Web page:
The outgoing spy boss wants the Australian public to become better prepared to defend the nation, saying his agency has "seeded" awareness of a growing threat posed by foreign interference.
ASIO director-general Duncan Lewis said Australia's middle power status made it a target for state-sponsored cyber attack, and described covert attempts to shape public opinion as a daily event.
Mr Lewis, speaking at the Lowy Institute in Sydney on Wednesday, said foreign interference against Australia was on a "growth path" and combined with espionage posed a potential existential threat to the nation.
He said he was pleased public discussion in Australia of foreign interference and espionage had grown and created more awareness, and warned the damage from these threats could manifest following a delay.
"Covert attempts to influence and shape the views of the public, media, government and diaspora communities, both within Australia and overseas, is now with us every day," he said.
"Unlike the immediacy of terrorism incidents, the harm from acts of espionage may not present for years, even decades, after the activity has occurred.
"These sorts of activities are typically quiet and insidious, with a long tail."
Foreign interference had emerged as a front page issue reported by media in the five years since he became ASIO chief, Mr Lewis said.
"There has been a great deal of coverage recently in the Australian media regarding espionage and foreign interference, ascribing blame and describing vectors of attack and influence," he said.
"It is not proper for me to dive into the detail of this coverage for a number of reasons, suffice it to say I am satisfied that ASIO is following the ball closely and has seeded what is now a public consciousness and awareness of the matter and I hope in short-order there will come an increased public preparedness to better defend our country and its sovereignty."
Foreign interference was "something that is still on a growth trajectory" after the emergence of technology and globalised networks, Mr Lewis said.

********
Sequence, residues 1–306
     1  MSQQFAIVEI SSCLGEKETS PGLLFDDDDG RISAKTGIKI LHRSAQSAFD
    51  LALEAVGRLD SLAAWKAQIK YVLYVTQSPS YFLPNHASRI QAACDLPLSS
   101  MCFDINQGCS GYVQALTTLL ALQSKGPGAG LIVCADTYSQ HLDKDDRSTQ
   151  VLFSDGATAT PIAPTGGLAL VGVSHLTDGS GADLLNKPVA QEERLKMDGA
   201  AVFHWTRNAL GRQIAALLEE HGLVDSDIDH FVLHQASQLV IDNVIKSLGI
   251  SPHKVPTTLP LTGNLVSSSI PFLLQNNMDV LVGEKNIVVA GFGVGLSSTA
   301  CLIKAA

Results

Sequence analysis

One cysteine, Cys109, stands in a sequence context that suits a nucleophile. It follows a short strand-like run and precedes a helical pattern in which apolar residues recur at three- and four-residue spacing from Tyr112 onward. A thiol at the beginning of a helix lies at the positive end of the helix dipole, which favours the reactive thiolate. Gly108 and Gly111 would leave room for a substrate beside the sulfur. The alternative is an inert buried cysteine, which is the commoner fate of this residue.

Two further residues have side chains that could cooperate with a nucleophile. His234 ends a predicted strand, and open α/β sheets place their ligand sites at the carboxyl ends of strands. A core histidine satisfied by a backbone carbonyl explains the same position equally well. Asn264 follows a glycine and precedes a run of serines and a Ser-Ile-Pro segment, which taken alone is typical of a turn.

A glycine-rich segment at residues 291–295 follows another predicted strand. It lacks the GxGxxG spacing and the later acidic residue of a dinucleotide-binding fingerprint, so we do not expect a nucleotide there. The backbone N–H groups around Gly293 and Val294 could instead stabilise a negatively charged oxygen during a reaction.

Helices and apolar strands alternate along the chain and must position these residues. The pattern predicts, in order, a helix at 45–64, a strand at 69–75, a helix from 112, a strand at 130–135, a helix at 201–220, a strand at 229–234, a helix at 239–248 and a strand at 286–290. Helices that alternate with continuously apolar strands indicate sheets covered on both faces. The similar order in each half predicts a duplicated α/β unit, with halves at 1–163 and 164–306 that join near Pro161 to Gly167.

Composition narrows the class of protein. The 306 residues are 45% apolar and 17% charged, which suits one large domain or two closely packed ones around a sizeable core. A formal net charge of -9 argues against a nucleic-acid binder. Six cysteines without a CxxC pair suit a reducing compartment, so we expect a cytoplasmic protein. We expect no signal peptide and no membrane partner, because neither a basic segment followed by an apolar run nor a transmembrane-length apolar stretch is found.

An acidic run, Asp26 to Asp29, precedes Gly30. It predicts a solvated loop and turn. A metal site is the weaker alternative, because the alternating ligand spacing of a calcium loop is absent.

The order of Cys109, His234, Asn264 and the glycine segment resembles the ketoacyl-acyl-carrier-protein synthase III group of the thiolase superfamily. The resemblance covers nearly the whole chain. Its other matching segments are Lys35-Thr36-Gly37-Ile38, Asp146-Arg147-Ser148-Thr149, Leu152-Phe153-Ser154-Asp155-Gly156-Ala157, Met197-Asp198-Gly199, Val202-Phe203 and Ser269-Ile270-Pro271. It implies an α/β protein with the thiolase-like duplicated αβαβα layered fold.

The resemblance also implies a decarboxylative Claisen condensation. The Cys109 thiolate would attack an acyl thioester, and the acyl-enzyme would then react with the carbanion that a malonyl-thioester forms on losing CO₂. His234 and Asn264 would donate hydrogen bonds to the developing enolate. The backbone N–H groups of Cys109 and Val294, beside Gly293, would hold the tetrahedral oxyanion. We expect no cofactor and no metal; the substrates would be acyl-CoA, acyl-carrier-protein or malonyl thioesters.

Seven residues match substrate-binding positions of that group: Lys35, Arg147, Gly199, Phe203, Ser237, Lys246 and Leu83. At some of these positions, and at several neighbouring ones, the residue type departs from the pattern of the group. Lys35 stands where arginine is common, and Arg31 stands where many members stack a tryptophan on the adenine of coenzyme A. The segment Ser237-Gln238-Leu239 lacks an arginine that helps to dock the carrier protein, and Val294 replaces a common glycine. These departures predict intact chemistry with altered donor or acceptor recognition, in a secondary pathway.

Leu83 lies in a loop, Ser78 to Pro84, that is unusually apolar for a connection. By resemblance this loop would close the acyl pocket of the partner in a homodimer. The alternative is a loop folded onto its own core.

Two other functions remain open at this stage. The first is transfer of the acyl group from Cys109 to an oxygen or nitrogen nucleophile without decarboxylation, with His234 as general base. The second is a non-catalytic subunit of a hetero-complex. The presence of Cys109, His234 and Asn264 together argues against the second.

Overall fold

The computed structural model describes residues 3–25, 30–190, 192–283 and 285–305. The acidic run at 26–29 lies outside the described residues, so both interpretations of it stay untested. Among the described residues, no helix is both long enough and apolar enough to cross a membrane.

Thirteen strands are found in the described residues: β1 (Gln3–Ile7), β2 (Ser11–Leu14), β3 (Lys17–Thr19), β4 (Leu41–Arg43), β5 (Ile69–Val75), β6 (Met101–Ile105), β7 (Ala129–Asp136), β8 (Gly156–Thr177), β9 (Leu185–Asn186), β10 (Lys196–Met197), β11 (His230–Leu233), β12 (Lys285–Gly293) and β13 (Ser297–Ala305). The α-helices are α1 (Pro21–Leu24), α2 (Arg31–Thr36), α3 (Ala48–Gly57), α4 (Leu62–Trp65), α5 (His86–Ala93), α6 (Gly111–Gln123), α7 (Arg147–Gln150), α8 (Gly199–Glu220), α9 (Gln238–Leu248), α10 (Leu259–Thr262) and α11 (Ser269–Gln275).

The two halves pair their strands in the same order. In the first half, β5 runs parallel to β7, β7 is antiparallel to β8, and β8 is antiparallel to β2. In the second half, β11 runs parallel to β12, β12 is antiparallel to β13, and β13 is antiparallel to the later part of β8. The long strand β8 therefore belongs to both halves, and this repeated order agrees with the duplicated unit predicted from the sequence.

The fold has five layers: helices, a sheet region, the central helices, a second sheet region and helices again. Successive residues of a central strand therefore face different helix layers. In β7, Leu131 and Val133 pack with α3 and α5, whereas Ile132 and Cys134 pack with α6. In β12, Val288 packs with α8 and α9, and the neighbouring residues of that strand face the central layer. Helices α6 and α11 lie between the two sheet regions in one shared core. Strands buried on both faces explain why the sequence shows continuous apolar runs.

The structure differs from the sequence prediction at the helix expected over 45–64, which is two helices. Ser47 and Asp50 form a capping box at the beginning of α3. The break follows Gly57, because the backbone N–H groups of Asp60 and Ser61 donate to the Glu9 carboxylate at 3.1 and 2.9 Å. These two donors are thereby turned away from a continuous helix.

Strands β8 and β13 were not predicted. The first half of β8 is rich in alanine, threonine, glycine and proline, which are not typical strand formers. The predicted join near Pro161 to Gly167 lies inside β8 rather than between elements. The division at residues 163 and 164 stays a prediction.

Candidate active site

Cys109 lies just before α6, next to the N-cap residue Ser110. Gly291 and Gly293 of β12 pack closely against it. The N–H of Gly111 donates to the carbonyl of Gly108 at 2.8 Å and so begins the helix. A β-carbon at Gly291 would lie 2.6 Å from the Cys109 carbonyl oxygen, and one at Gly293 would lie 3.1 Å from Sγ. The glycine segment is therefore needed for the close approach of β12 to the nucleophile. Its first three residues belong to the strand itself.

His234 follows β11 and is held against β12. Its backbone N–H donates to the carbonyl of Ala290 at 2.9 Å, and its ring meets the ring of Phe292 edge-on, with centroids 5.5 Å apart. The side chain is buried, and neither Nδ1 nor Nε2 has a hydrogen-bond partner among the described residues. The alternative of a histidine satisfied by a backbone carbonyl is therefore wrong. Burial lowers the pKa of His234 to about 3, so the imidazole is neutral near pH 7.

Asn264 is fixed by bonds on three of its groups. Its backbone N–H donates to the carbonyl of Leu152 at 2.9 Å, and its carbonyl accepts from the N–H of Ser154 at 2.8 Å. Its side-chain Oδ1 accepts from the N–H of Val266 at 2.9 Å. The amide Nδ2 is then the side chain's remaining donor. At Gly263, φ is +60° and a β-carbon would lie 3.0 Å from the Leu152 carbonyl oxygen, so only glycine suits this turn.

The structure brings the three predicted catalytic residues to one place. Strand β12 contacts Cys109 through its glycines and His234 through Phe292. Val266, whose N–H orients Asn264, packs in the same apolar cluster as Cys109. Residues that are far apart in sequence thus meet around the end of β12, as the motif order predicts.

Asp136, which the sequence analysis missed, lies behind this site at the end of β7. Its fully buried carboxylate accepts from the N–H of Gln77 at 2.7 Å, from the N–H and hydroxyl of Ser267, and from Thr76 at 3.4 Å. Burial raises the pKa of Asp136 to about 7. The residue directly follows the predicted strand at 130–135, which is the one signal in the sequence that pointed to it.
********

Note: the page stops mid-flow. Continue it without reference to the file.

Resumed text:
"Communities and countries are able to interfere in one another's business now, because you can."
Mr Lewis also warned there was a "flip side" to growing public discussion of foreign interference and urged against vilification of minorities in response to the actions of a few.
"We had this experience when it came to the Islamic community and terrorism, and we saw some terrible discussions taking place a few years ago where vilification of a demographic was taking place, when we, ASIO, were only interested in a few," he said.
The long-serving public servant, who will depart his role this month after a 47-year military and civilian career across government agencies, repeated his warning that the terrorism threat had plateaued but remained unacceptably high.
He warned ISIL's loss of territory in Iraq and Syria did not eliminate the global threat of Islamic extremism.
"Indeed even in their former claimed territories the extremist ideology of their cult remains," Mr Lewis said of ISIL.
"Increasingly, disillusioned ISIL supporters are turning to more egregious and desperate measures in and beyond the Middle East."
ASIO was also paying attention to the threat of right-wing or ethno-supremacist extremism, he said.
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"Recent history around the world is peppered by acts of extreme right-wing motivated attack.
"The event in Christchurch is a horrific example of an anti-social loner with perverse sensibilities and no regard for community or diversity who felt obliged to conduct an act of extreme violence and brutality."
Mr Lewis named foreign espionage alongside terrorism and cybersecurity as one of three "threat vectors" to have ASIO's attention.
He repeated his previous warning that the scale and scope of espionage against Australian interests was unprecedented, but said the nation's response to the threat had been strengthened through new legislation targeting foreign interference and improving transparency around foreign influence.
"This threat is not confined to any one particular nation; however you can appreciate the intent, scale, sophistication and commitment varies greatly."